Excise Tax On Airtime: Kenyans love to talk! From fireplace discussions to a chat over coffee, most of the talking has lately moved to the mobile phone. And with the cost of airtime progressively reducing over the past decade, Kenyans have been talking more and texting even more. Well, the government has been watching and now wants a portion of the airtime budget to help deal with a budget deficit.
When President Uhuru Kenyatta signed the Finance Bill, which effectively operationalizes tax and policy measures in the 2021/22 Budget, many Kenyans may not have taken a keen interest. But his signature on the bill spells far-reaching effects on not just airtime whose excise duty has increased from 15% to 20% but on an entire economy that relies on voice calls, texting and data.
Airtime tax increase was not included in the Finance Bill but came as a proposed amendment by the government. From airtime alone the taxman expects to raise at least Ksh8 billion in extra revenues from Safaricom, Airtel and Telkom Kenya. This will be a direct hole in the pockets of Kenyans as mobile operators’ pass the burden to consumers.
In view of this change, Airtel Kenya has already announced an increase its voice tariff to Ksh2 plus taxes, which will rise to Ksh2.78 per minute. “Airtel Kenya has ensured that prices of all data and voice bundles remain unchanged,” the company said in a statement. “Hence, there will be no changes to the Amazing, Unliminet and Tubonge bundles.”
Airtime has become the top expenditure in many households, toppling rent in the basket of goods that determine the cost of living in Kenya, according to Kenya National Bureau of Statistics (KNBS) report of April 2020. Naturally, this means any change in airtime prices will have a direct impact on the cost of living and so Kenyans must be braced for tough times ahead.
Considering that government services such as drivers’ licences, land transfers, parking and licence fees are done online, increase in airtime excise duty will push data costs higher and which will, in turn, affect internet access and penetration levels, innovation and employment – especially for the self employed youths who rely on the internet for their income.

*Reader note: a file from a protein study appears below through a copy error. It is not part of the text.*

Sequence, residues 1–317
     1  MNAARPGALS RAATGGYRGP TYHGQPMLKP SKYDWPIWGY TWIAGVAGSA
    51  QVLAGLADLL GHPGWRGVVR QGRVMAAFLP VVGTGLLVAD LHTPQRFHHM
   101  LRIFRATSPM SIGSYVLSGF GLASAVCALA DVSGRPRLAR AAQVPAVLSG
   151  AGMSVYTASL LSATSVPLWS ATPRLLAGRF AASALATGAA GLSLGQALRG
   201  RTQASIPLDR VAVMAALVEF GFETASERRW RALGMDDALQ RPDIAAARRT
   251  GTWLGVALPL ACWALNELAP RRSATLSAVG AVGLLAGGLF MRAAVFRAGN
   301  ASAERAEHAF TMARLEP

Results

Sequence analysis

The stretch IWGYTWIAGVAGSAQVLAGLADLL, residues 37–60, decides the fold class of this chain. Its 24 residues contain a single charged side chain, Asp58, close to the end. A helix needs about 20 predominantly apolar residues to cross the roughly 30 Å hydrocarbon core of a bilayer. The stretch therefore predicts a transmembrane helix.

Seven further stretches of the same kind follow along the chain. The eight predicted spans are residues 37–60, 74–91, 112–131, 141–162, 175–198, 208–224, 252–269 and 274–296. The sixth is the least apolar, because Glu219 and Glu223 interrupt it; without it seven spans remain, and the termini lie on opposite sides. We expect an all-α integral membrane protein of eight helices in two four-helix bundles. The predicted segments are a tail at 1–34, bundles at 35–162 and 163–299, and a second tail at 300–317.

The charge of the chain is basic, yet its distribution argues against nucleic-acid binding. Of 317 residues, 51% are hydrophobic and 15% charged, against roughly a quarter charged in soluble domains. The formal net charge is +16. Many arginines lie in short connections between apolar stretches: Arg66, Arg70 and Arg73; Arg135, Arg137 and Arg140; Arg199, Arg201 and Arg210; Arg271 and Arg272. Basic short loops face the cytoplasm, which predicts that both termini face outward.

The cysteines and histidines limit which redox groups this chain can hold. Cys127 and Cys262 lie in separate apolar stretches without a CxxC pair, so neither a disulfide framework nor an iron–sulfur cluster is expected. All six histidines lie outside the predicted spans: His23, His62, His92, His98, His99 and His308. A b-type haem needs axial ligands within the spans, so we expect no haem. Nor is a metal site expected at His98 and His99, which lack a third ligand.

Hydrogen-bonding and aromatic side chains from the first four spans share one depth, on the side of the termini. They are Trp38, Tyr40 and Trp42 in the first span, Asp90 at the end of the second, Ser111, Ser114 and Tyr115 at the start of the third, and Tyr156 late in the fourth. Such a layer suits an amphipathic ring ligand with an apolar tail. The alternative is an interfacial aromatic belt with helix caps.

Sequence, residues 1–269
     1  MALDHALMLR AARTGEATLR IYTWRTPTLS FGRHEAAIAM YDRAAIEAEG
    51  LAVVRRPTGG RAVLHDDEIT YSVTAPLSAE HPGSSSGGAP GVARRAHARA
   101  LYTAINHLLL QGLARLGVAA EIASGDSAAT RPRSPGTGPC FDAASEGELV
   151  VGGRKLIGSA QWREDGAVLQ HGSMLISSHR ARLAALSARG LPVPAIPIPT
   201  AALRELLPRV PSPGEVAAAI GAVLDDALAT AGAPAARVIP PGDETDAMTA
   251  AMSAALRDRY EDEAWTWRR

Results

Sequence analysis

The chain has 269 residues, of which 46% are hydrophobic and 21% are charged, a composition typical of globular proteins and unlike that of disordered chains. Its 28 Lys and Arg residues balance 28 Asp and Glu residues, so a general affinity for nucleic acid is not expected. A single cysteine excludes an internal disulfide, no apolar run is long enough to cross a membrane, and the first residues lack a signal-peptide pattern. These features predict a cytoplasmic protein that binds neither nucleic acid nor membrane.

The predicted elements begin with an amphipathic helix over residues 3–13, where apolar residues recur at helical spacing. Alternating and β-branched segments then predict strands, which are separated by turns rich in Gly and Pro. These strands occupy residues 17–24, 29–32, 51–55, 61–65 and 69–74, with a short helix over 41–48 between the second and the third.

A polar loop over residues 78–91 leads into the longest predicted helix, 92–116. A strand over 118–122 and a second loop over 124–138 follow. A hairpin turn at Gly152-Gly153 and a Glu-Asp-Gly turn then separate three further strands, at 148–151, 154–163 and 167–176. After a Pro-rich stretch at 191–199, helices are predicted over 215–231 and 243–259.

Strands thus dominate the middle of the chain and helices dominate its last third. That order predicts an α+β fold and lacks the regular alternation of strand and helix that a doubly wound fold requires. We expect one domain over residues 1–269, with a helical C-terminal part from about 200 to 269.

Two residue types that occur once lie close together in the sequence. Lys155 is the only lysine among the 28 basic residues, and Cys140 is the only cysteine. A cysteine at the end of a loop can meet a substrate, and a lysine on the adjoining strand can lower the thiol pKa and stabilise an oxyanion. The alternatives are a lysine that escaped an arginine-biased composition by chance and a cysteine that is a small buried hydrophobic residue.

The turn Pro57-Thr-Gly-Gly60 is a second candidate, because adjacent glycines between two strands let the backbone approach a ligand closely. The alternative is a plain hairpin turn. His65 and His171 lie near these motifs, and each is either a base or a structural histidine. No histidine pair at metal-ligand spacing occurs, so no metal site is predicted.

The new excise tax is being interpreted as p********t for consumption of mobile services – which is basically over 45 million Kenyans. This is an extra tax on top of paying 16% VAT already levied on airtime and data cost – raising the total tax levied airtime to 36% (16% VAT+20% excise).
In simple terms for every Ksh100 airtime or mobile data, KshSh36 will go to the government in the form of taxes, putting mobile phone users among the most heavily taxed consumers in Kenya.
Effectively, airtime and data have been lumped together with sin-tax products such as alcohol, and cigarettes as well as luxuries like perfumes and mineral water.
Sin tax on airtime
Historically, excise taxes in Kenya have been levied on the domestic production of only four products – namely cigarettes, sugar, beer, spirits and matches – as increased excise is used to discourage consumption of products deemed to be harmful to the health and morality of the consumer.
Safaricom consumers will pay the biggest portion of the new excise tax, followed by Airtel. Safaricom PLC was the largest mobile telecom operator in Kenya from 2018 to 2020, with a market share of 63.6% in the fourth quarter of 2020. Airtel Networks Limited accounted for 27.2% in the same period, making it the country’s second biggest provider of mobile subscriptions.